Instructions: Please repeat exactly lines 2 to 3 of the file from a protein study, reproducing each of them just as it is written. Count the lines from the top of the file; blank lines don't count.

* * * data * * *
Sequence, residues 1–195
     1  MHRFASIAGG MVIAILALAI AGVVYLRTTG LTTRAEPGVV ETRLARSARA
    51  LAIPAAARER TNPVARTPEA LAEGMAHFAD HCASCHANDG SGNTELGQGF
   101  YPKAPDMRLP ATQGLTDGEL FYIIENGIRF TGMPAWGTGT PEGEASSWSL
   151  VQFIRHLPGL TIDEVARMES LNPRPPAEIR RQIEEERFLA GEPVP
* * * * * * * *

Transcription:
     1  MHRFASIAGG MVIAILALAI AGVVYLRTTG LTTRAEPGVV ETRLARSARA
    51  LAIPAAARER TNPVARTPEA LAEGMAHFAD HCASCHANDG SGNTELGQGF